Think Like a Rock Star to Achieve Clarity

vanhalen2‘Think Like A Rock Star’ doesn’t sound like sound advice on how to approach situations in our comparatively mundane, non-rock star lives. True, there was a moment in the 1980s when girls made decisions based on ‘what would Madonna do’, but I imagine most of us abandoned this guiding principle along with perms and padded shoulders.

But we might learn a thing or two from rock band Van Halen. No, hold the air guitar, this isn’t about their music. The reference is to the story about the band’s rider, or list of requirements, for all their concert venues. One of the stipulations was for a bowl of M&M sweets — but definitely NO BROWN ONES. When the band arrived at a gig, the first thing they would do is check the candy bowl.

What’s this? An example of superstar pickiness taken to extremes? Or an arcane drug code? Or just an addiction to candy — and hey, we all have our favourites. Who wouldn’t demand only the black wine gums, or stipulate no coffee creams, thank you very much?

But no. The point of this practice was to ensure safety. With the band’s complex equipment and experience of accidents, they wanted to ensure that setting-up procedures were followed to the letter.

And if the bowl of sweets was missing, or if it contained brown ones, this was an indication that other, more vital instructions may have been ignored.

I love this reminder that little things matter. Not in an obsessive, can’t sleep if all the boxes haven’t been ticked kind of way, but in the way which makes us realise that our behaviour in one situation is likely to be seen as an indication of how we behave in all circumstances.

Carelessness in communication suggests there might be carelessness in other areas. When someone misspells our name, we may feel a little put out, but more significantly, we may wonder, if they got the name wrong, what else might they get wrong?

Mistakes in signs in shops and public places are irritating and sometimes amusing, but they may also be seen as showing an element of disdain for the public.

The greatest of these is clarity

When someone doesn’t bother to check the clarity of the message, or the spelling or punctuation, it demonstrates a lack of concern for getting things right, and a lack of awareness that there are people to whom these things do matter, a little bit. So your attitude to the institution with the offending notice shifts slightly.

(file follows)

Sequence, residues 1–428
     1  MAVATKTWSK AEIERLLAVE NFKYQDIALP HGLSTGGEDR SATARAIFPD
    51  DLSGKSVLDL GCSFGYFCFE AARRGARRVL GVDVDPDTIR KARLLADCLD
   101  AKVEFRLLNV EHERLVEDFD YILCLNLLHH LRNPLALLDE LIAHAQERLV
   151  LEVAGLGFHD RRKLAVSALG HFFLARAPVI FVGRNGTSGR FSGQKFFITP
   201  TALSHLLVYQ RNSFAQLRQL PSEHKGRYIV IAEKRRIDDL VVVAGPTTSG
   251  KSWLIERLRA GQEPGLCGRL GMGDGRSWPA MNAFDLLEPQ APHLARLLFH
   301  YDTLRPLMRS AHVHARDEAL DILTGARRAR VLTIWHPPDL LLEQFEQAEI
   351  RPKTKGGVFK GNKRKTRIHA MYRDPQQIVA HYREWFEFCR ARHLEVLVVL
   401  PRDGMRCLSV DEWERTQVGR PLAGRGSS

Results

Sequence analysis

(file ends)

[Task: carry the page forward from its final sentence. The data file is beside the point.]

Our behaviour sends a message, whether we intend it to or not, and we are particularly sensitive to incidents which may affect our own situation.

  • Your boss is being snappy with an assistant, or is being sarcastic towards a waiter.
  • You think: They could be like that with me.
  • You decide: This person is nasty to people they consider to be inferior or easy game.

  • Your pal tells you a secret which they had promised to keep to themselves.
  • You think: How do I know that you won’t pass on things I have told you in confidence?
  • You decide: This person is untrustworthy and doesn’t value friendship.

  • One of your friendship group tells a funny and inaccurate story about one of the group.
  • You think: The next story might be about me.
  • You decide: This person will sacrifice anyone for the sake of getting an audience and a laugh.

Of course, your response might be spot-on and justified. But it might not. We all have our off moments and we all make mistakes. We can be uncharacteristically bad-tempered or less than gracious for a number of reasons. We behave in ways which we know, or at least like to think, don’t reflect what we are really like. It’s bad luck, and yes, unfair, when we are judged on a careless comment, or a reaction caused by tiredness or inattention.

Cracking the circle of false perception

There are some ways of breaking this circle of false perception.

  • We can cut each other some slack. After all, none of us would like to be identified by our most ignoble moments.

  • We can hold back from jumping to conclusions. One action or incident need not colour our whole perception of a person.

  • We can look for evidence in a wider context. Be aware of how the person usually speaks and behaves. Observe their body language and their tone of voice.

  • We can manage our own behaviour by thinking of the effect it may have. With some application of self-control and self-awareness, we need not rush into words and actions which cause us to be seen in an unfavourable light or which create a false impression of who we really are.

It’s about paying attention to what is required. Just as the stage crew’s attitude to a seemingly trivial requirement sent a significant message, so our attention to the way our behaviour is seen and the impact it has on others can shape the message we send, and ensure that it is congruous with our real selves.

And let’s hope that people will forgive our slip ups, just as we will be understanding about theirs.

Not in a sweets-related situation, though. There are times when you really do need to ditch the brown M&Ms.

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